This is the feel-good story that just keeps on giving. Daniel Bard earned his first win since 2013. Then his first save since 2011. After yips sidelined him and turned him into a coach, Bard is back with a 3.00 ERA and he is perhaps the most consistent and effective pitcher in the Rockies’ bullpen right now. It’s beyond a script made for Hollywood though because his stats are out of this world.
Here are some of the highlights that are drawing national attention:
• 12 strikeouts and no walks in nine innings over eight appearances (37 batters faced). That perfect strikeout-to-walk ratio is tied for first in the MLB with Cincinnati’s Raisel Iglesias. (Fun fact: Yency Almonte is tied for third on the list with 11 strikeouts and zero walks.)
• Bard hasn’t given up any homers, even though five of his appearances have come at Coors Field.
• A 0.40 Fielding-Independent Pitching mark that is second among relievers with at least eight appearances. As David Adler explains, FIP is “a version of ERA based on strikeouts, walks and homers that tries to provide a truer estimate of a pitcher’s run-prevention ability by isolating the outcomes he has the most control over.”
• When it comes to league- and ballpark-adjusted ERA, Bard’s ERA- is 58, while the league average is 100. Not too shabby.
• He is still hitting 98.7 mph on the radar gun, only losing a bit of speed despite being 35 years old and out of the game for seven years. His average fast ball velocity is 96.5, which is better than he was in 2012 (93.7) and 2013 (94.3). He also has the fourth highest spin rate on his four-seam fastball at 2,627 rotations per minute. The MLB average is 2,304 rpm.
• Bard’s slider is pairing beautifully with his four-seam fast ball and is faster than it was in 2009-11 (averaging 87.1 mph – up to 90 mph once now, compared to 84.5 mph then.)
This headline is a little misleading because it actually is more about each team figuring out its own personnel first to see if trades are needed. For the Rockies, the focus is pitching as always. After starting off 2020 in spectacular fashion, pitching has been problematic for the last four games. The starters, outside of Kyle Freeland, struggled. The bullpen, outside of Daniel Bard, struggled. So, this article brings up a good question: Can Jario Díaz handle the closer role?”
With Davis and Scott Oberg out, Diaz earned the role and Black thinks Díaz has the grit and aptitude to do it. Díaz has three saves this year, and while he doesn’t have any blown saves, his appearances have been nerve-wrecking with Wade Davis-like drama and action on the bases. After the Mariners series, Díaz spoke about his confidence in being the closer: “I’m taking in this new role, and I’m going to be ready for whatever situation comes up and whenever the team needs me. I don’t want traffic, but thank God, when there’s been guys on base, so far I’ve been able to dig down and get out of it.”
He’s given up at least one hit in six of his eight appearances and four runs (three earned) over his last three games. The Rockies have won six of those eight games, including the Aug. 11 nail-bitter of a win against Arizona when he and Phillip Diehl were hit hard and had to be bailed out by Bard. Since Davis’ departure, Yency Almonte has also earned a save. Another disheartening trend for Díaz is that he struck out seven batters in his first four appearances, but hasn’t struck out any in his last four appearances.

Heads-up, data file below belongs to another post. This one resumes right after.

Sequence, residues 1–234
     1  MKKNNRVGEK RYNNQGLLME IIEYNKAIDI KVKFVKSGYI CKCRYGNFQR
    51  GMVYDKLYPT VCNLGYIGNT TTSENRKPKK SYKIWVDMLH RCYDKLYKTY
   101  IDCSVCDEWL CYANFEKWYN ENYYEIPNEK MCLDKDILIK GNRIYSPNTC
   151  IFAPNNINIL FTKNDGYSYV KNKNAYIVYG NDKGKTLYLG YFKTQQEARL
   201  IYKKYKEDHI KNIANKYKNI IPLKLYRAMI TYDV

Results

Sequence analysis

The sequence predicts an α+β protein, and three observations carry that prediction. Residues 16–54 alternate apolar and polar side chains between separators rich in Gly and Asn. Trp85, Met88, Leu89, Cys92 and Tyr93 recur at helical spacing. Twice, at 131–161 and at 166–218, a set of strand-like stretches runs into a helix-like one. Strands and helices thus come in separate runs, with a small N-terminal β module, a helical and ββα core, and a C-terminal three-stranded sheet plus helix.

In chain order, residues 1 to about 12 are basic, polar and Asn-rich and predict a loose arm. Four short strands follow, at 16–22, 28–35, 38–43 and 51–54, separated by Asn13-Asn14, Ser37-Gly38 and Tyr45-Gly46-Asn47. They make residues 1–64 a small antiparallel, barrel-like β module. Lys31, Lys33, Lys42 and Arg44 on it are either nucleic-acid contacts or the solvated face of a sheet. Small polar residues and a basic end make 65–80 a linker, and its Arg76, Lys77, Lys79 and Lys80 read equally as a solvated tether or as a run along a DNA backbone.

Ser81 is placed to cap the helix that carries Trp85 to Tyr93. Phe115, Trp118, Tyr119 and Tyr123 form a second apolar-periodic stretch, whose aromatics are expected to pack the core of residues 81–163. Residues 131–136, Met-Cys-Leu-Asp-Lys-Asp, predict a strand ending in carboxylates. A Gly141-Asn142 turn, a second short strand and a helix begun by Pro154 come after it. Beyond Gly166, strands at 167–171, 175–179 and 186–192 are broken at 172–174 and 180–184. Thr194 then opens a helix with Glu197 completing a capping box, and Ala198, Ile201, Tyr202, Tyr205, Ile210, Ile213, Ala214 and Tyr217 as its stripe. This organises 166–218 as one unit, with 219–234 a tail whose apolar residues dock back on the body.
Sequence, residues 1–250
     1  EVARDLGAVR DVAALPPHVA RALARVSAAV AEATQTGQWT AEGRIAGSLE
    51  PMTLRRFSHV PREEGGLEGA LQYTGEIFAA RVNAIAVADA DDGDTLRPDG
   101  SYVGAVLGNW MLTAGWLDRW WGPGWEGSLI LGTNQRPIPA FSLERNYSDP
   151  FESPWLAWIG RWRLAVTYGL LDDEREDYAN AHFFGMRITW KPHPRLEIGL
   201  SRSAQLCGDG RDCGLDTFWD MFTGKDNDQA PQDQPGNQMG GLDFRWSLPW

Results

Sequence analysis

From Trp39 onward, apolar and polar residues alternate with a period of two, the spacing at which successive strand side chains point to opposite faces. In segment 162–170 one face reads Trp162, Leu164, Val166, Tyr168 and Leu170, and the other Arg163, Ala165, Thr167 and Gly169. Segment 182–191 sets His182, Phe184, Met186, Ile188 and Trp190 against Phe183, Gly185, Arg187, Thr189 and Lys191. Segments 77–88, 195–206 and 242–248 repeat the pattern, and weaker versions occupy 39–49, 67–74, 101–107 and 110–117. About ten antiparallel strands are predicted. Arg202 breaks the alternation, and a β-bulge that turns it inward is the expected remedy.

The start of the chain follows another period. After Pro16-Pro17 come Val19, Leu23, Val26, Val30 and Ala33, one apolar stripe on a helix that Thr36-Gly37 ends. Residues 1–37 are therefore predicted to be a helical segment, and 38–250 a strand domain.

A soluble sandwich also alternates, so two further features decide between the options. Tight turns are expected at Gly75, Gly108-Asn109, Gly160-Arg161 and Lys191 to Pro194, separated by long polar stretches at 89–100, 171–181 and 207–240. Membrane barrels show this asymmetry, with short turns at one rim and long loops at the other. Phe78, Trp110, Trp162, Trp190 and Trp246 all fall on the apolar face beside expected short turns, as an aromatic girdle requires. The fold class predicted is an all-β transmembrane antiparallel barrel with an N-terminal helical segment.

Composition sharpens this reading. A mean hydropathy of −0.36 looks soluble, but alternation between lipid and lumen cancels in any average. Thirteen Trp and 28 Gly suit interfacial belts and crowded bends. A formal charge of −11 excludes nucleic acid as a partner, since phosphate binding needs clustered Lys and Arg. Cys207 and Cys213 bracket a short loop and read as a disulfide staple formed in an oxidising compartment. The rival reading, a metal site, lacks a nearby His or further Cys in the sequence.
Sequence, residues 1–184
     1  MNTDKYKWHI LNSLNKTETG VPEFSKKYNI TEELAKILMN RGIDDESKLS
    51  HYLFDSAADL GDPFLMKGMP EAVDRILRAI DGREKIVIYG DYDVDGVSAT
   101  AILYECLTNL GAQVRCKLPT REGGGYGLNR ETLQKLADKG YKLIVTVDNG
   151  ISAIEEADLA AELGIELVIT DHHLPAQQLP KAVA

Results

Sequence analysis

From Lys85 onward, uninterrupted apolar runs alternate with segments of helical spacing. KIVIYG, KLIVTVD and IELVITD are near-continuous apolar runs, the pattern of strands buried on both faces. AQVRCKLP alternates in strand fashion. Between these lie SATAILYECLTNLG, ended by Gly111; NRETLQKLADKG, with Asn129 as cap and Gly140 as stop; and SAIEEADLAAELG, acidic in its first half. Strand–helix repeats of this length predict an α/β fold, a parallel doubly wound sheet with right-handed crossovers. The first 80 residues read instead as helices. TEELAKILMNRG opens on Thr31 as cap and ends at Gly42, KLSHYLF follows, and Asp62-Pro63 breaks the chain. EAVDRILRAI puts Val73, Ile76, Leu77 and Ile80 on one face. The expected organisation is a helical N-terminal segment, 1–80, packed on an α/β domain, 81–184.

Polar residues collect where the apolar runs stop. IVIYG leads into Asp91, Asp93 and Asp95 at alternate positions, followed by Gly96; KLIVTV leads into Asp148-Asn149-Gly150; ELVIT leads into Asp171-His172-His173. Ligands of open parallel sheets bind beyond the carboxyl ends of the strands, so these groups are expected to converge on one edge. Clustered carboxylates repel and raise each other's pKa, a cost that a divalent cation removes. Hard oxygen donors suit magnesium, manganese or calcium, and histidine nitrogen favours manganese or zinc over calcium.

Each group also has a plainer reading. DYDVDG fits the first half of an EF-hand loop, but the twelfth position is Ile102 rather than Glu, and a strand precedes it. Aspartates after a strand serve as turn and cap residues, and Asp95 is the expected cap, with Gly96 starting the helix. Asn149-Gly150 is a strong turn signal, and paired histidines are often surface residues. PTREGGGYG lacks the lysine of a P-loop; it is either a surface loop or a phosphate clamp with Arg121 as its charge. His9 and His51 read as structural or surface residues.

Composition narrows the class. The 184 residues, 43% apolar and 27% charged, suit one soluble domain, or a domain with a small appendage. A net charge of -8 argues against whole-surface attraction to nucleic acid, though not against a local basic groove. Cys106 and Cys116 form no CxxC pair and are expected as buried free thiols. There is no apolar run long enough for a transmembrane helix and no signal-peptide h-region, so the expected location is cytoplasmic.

So Chris Haft’s question is “Do the Rockies stick with Díaz, or go to a multi-closer system?” He has a funny answer because he defers, saying it doesn’t matter and the Rockies should pick up a proven late-game reliever before the trade deadline. Knowing the Rockies trade/acquisition history, and recent bad decisions in signing, and later releasing veteran relievers (Jake McGee and Bryan Shaw come to mind), this seems unlikely and unnecessary. when we have Díaz, a possible committee and a “proven late-game reliever” named Daniel Bard.
Can Jairo Díaz handle the closer role for the Rockies?
This poll is closed
Yes. He’s ready and has the grit for it.
Maybe someday, but not yet. He creates too much traffic on the bases and stress for fans.
No. It should be closer by committee.
Someone else should do it. (Tell us who in the comments.)
Even though the 15-game hit streak is over and there’s been a lot of focus on Charlie Blackmon, I am going to keep rolling with it because it’s a great story and it’s better than talking about giving up a whole lot runs to the Diamondbacks and losing three of the last four games.
Chuck Nazty is currently hitting .472/.506/1.187. Kyle Newman calculates that hitting for about a .365 batting average in the remaining 42 games, give or take a few points depending on off days and number of at bats, will give Charlie a .400 average at the end of the season. Even though that is incredibly hard to do, it seems doable for Blackmon and his routine-driven, detail-oriented work ethic. If he can complete the feat, he would join an elite group of players who have hit .400 or over during the course of 60 consecutive games in the past decade: Jose Altuve, Joey Votto, and Andre McCutchen. In 2008, Chipper Jones was a .400 hitter in the first 60 games of the season.
Whether it’s a 60-game season or not, ending the season with a .400 batting average and being the first since Ted Williams in 1941 to do so, even if it is with an asterisk, would be another amazing accomplishment for the four-time All-Star and 2017 NL batting champ.